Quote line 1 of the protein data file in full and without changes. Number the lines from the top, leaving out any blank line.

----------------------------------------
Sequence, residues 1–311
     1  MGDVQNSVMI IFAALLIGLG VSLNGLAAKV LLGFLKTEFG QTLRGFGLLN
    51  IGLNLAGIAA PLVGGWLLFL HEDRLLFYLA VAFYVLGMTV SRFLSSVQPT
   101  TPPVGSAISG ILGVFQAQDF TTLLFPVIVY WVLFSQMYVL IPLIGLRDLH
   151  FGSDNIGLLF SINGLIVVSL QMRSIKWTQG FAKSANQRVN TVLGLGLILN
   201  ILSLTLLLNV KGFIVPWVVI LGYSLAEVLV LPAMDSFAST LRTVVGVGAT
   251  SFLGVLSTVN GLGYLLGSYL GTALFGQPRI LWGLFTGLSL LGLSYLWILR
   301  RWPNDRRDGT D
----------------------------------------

Sequence, residues 1–311